You have this thing that’s such a divided issue for a huge number of people in the country, but the actual history of how guns came to occupy this psychic space in America is never part of that conversation. The conversation always revolves around very limited talking points about shootings and reactions to shootings, and it’s never about why our country’s statistics are wildly different than everyone else’s. When did they start diverging? How did this begin? What is the evolutionary path that led us to this moment? By exploring that, I discovered there were some very useful things one can say about guns in America that don’t directly contradict either side’s orthodoxy and that make it then worth talking about.

Is it fair to say audiences coming to The Story of the Gun who think they know what you’re going to say will be surprised?

Yes, I think that’s true. If they weren’t, then that would be bad, because no one’s interested in a conversation about hot-button issues if you’re not able to find a new, compelling, empathic angle. It’s already a problem where the soil has become so drained of nutrients that new actual thought can’t grow there.

It makes complete sense that we have an intractable problem with guns if you go back and actually examine the fact that this country was founded at the point of a gun and absolutely implemented by guns. America the experiment is absolutely impossible except for guns. The discovery of the New World and the bringing over here of guns, which was new technology at that moment—the existence of guns at that moment allowed a technological superiority to aid and abet the genocide of a huge number of people.

And it’s the gun that underlies that power. It’s the gun that gives early settlers and colonists, after they establish a foothold, the power to bring people over as slaves. Without guns, they would not have been able to enforce slavery the way that they did. Guns are integral to the entire American experience. As a consequence, you can’t extract the gun from the country that was created by it.

Recently the story of Trump and the story of the NRA converged in revelations about Russian influence on American politics. Did you see that coming?

Well, I don’t know that I saw it coming, but it’s clear now. The counter-intel that Russia has been doing on American politics has succeeded beyond their wildest expectations. And one of the largest levers to manipulate is the lobby of gun ownership, because it reaches a very specific demographic slice across America. That is a powerful tool to wield. If you can manipulate that group, you’re manipulating a huge number of American voters. So it makes sense to me that the Russians would.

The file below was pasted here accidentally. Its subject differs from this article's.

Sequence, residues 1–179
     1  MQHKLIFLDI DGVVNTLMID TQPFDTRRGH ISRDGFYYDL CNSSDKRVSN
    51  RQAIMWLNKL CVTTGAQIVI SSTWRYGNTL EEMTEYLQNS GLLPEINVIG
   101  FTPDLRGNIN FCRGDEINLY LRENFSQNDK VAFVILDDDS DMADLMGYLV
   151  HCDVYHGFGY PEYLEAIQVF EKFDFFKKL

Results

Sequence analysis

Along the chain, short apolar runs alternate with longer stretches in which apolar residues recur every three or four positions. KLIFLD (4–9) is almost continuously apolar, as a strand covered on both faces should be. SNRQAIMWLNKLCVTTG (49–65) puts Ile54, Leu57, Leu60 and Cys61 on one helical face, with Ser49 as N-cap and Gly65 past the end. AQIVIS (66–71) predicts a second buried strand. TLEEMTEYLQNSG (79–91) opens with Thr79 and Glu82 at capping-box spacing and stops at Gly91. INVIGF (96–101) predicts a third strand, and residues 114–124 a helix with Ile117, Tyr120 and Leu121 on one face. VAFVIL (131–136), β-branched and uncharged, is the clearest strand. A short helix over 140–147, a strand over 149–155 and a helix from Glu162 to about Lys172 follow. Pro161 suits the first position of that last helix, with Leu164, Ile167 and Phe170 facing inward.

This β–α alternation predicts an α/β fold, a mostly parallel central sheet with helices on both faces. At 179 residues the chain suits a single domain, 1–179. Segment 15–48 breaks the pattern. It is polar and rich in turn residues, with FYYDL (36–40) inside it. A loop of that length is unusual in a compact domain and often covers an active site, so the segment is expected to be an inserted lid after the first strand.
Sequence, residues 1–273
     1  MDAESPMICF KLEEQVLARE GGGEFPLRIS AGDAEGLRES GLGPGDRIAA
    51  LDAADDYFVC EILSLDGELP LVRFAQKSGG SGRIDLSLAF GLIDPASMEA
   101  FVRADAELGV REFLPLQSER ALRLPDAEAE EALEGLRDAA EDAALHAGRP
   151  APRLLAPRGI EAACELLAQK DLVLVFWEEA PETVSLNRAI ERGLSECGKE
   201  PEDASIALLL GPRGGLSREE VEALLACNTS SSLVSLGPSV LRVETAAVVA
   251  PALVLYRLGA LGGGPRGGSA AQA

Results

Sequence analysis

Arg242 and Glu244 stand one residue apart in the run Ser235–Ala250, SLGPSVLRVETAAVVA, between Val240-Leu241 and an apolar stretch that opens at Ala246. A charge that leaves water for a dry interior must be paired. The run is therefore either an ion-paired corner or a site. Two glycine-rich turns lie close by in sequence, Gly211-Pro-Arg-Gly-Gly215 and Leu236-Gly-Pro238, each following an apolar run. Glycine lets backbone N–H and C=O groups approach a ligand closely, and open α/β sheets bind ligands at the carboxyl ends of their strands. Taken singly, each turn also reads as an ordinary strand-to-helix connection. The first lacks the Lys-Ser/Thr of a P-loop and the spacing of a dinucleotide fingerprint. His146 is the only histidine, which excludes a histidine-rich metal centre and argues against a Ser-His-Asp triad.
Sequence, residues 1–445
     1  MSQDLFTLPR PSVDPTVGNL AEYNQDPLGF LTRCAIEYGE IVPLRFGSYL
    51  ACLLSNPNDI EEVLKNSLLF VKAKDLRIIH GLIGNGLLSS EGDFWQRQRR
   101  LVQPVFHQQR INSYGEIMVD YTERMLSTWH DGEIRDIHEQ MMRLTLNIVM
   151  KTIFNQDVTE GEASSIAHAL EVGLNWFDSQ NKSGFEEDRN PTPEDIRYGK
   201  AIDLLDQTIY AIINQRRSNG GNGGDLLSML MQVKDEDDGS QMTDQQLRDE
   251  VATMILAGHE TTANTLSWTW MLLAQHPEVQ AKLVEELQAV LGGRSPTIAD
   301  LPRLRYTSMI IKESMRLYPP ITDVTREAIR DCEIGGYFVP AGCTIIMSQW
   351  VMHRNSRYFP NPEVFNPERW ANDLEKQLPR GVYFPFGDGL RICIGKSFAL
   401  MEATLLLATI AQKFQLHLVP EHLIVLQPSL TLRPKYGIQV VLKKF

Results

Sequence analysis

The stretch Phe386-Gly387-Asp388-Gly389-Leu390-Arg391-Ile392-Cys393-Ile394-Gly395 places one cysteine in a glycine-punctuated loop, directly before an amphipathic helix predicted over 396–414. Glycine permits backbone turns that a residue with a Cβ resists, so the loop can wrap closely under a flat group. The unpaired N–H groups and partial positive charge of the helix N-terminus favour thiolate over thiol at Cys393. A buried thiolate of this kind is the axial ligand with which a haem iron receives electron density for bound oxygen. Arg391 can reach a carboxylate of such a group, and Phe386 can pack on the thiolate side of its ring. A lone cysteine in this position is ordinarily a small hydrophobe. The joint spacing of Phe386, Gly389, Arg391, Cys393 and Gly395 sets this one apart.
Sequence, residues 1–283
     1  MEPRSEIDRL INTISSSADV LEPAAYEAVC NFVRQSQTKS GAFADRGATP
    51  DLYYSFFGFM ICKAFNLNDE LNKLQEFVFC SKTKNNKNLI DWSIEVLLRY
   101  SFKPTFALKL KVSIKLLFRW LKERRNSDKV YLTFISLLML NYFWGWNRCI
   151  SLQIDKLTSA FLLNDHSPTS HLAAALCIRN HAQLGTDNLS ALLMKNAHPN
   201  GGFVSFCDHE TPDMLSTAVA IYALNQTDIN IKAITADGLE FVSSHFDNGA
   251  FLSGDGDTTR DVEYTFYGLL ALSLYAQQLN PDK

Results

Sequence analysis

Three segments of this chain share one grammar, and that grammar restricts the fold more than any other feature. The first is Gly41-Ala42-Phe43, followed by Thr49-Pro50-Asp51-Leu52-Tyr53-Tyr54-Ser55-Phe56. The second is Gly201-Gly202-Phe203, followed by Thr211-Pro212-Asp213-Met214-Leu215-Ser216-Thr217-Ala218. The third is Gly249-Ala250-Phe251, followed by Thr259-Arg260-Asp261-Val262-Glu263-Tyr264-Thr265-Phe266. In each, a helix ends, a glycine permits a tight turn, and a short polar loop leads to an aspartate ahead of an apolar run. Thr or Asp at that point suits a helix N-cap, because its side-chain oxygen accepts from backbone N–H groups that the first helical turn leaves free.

I know you think a lot about the role of the theater artist in relation to social justice. What are your personal guiding principles about that?

As a younger person, I would often get distracted and disheartened because I would wish that the things I was creating in the theater, the things I was seeing in the theater, would reach beyond the theater. And that has always given me a kind of ambition. As I’ve gotten older, I’ve learned to temper that with the wisdom to see that it is not just the amount of people you reach, it’s the depth to which you reach them.

In a world where anyone can record a YouTube video and post it, you can have a viral impact on a tremendous number of people. The question becomes: to what depth were you able to have that impact, and how complex was the conversation you were really able to have in that medium?

One of the things that theater does better than any other art form is human connection, because the artist is actually present, sculpting the work in the moment. I treasure my form of theater because I am present and the words themselves shape to the moment that they’re spoken. In the same way, this conversation is shaped by the questions you’re asking, the experience in the theater is shaped through the concerns of the present moment.

I know that the show I’ll be performing next week will be highly influenced by everything that’s happened with the Trump presidency. And then in the moment when I speak the words and I sculpt them, they will be informed by those things, and they’ll be formed by the people in the room, and so we will be in communion in that space. That kind of conversation, that kind of deep communion, is largely absent from our civic discourse now. But we need community very badly.

I see my job through the theater as a way to create an intentional community, and an attempt each time for those who choose to participate in it to have a very real conversation that begins germinating in the room. But that’s just the seed that I am planting with them; the real flowering of it is outside the room. The people in the room with me who have this conversation about the nature of guns, of violence, of male aggression and the history that lends itself to through the American experience—they’ll carry that conversation out of the room with them.

As a young man, I used to take too much on myself. I would think, “I have to find a way to not only do this live in the theater; I’ve got to find a way to bring it to all these people.” But at the end of the day, I don’t bring it to the people. The people receive it, it comes through me, and they are the ones that go out into the world just as each of us goes out every day, and they’re the ones that have to be the change they want to see. You just hope that your work inspires that.

Read my column about the show.

The Story of the Gun plays July 31 through August 9, 2018, at Woolly Mammoth Theatre Company –  641 D Street, NW, in Washington, DC. For tickets, call the box office at (202) 393-3939, or purchase them online.

On Being Open On Stage: Q&A with Michael Kevin Darnall (New Guidelines for Peaceful Times)

[Originally published on DC Metro Theater Arts October 21, 2018]